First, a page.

In late nineteenth century France, as the battle between the establishment Salon and outsider Impressionists heated up, finding the middle ground where both sides could agree was no easy task. In his many public murals and paintings, Pierre Puvis de Chavannes walked that fine line and appealed to both sides of the argument. Born December 14, 1824, Puvis’ work takes the classicism of the Salon and adds a neo-Symbolist flavor that caught the eye of younger artists such as Gauguin, Seurat, Toulouse-Lautrec, and Rodin. In works such as The Poor Fisherman (above, from 1881), Puvis could use the Salon-approved technique to depict the everyday life of the common man. Beneath that, however, Puvis added the unique psychological touches that make this more than just an image of a fisherman and his family.
After studying first under Eugène Delacroix and later under Thomas Couture, Puvis struck out on his own, often adding a religious side to the Romanticism he learned from his teachers. His Magdalena (above, from 1869) shows Mary Magdalene (of Da Vinci Code fame) standing in a desolate landscape contemplating mortality in the form of a skull. Again, Puvis takes a common religious subject and adds a twist, in this case a Hamlet-esque interior life that fleshes out the standard Biblical account of the first female disciple of Christ. Puvis depicted many scenes from the Bible, including the tale of the Prodigal Son, always going beyond the letter of the text and placing himself inside the head of the subject. This psychological insight makes Puvis seem quite modern today, which makes me wonder why his reputation has suffered so long.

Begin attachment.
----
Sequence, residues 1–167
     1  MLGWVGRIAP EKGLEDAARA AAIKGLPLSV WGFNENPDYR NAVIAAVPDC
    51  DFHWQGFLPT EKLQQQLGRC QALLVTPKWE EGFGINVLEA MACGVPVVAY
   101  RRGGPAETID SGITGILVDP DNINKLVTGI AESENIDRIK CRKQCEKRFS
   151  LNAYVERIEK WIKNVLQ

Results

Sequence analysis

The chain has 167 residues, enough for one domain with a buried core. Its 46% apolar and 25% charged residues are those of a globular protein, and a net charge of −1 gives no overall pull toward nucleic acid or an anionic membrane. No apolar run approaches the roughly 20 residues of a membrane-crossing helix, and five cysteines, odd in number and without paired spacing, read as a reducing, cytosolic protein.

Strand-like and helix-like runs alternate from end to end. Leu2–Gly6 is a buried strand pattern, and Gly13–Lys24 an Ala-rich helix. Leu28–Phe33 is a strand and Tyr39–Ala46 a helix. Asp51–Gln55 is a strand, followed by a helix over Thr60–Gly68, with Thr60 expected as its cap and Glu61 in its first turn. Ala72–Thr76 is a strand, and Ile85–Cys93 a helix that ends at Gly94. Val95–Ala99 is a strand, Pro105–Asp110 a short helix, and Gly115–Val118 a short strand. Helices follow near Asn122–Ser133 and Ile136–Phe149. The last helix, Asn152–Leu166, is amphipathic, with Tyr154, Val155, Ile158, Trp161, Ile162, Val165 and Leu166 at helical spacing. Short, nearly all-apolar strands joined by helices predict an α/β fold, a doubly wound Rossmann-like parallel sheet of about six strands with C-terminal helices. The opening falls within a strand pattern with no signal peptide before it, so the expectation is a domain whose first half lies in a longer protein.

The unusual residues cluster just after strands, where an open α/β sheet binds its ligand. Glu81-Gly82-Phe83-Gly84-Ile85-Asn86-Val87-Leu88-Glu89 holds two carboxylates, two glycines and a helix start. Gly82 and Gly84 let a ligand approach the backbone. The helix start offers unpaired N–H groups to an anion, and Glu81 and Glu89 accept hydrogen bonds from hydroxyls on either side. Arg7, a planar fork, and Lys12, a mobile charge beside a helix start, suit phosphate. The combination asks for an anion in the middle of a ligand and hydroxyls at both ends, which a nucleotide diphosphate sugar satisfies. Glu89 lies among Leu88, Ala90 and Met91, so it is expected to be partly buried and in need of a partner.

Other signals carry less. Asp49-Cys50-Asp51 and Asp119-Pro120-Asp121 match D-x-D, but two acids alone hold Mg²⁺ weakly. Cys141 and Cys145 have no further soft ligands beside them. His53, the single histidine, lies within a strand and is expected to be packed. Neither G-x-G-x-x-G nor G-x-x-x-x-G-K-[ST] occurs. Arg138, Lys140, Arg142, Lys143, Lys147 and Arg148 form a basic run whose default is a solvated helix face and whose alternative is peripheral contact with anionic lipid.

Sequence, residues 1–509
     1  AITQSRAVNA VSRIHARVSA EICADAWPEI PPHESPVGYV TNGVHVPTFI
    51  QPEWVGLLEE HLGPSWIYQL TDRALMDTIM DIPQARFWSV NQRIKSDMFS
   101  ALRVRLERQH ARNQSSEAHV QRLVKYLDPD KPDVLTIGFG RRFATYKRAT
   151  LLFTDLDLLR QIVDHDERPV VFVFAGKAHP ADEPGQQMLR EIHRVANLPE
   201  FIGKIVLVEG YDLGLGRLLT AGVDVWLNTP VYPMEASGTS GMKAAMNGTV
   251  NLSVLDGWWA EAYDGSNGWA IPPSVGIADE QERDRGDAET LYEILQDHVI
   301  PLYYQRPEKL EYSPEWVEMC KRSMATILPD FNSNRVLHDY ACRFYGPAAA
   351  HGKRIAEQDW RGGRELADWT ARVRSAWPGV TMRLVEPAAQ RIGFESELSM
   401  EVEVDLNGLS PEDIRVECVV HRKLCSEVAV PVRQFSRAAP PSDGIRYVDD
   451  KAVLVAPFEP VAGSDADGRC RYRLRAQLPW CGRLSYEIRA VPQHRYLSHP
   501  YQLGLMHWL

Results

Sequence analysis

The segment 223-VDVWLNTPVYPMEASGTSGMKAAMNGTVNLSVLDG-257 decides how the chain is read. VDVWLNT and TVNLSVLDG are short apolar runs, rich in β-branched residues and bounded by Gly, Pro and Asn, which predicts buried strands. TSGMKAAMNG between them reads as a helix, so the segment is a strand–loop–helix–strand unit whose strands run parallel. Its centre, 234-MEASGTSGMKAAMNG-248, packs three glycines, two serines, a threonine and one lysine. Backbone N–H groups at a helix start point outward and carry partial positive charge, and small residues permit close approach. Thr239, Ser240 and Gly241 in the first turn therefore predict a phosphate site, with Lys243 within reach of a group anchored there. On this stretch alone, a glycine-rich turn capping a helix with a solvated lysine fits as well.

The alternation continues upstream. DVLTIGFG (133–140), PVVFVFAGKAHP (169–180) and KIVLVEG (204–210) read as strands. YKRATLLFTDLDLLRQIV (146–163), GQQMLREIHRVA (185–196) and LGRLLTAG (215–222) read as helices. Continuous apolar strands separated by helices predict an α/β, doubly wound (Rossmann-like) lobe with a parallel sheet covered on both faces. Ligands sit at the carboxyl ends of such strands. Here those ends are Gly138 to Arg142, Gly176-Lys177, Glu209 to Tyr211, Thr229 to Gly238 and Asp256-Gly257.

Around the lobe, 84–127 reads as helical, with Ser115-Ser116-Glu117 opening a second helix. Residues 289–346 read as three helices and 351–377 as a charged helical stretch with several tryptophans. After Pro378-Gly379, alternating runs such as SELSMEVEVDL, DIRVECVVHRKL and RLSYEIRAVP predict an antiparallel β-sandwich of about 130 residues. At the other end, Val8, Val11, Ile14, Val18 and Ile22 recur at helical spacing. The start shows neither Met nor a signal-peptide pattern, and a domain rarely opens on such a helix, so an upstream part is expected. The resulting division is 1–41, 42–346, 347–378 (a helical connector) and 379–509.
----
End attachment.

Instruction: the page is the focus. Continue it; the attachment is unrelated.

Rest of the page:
Works such as Young Women by the Sea (above, from 1879) illustrate easily how Rodin could find Puvis so inspiring. Puvis' classical nudes in lively, dramatic poses easily appealed to Rodin’s interest in reviving the sculpted figure and resurrecting the vivacity that Michelangelo had injected into his sculpted and painted figures, both nude and clothed. In contrast to the scenery around Magdalena, the landscape and seascape behind these three figures conveys peace and harmony. The Eden-like vibrations coming off of this work could make it seem trite if not for the individualization of the three figures through their unique poses, which lend a graceful sense of movement to each of them. Puvis ranks among the many Salon painters of late eighteenth century France who have fallen thanks to the rise of Impressionism, which swept clean the memory banks of art history for that time. Hopefully, Puvis' time will come again and he will be seen as a hidden modernist in the guise of conservatism.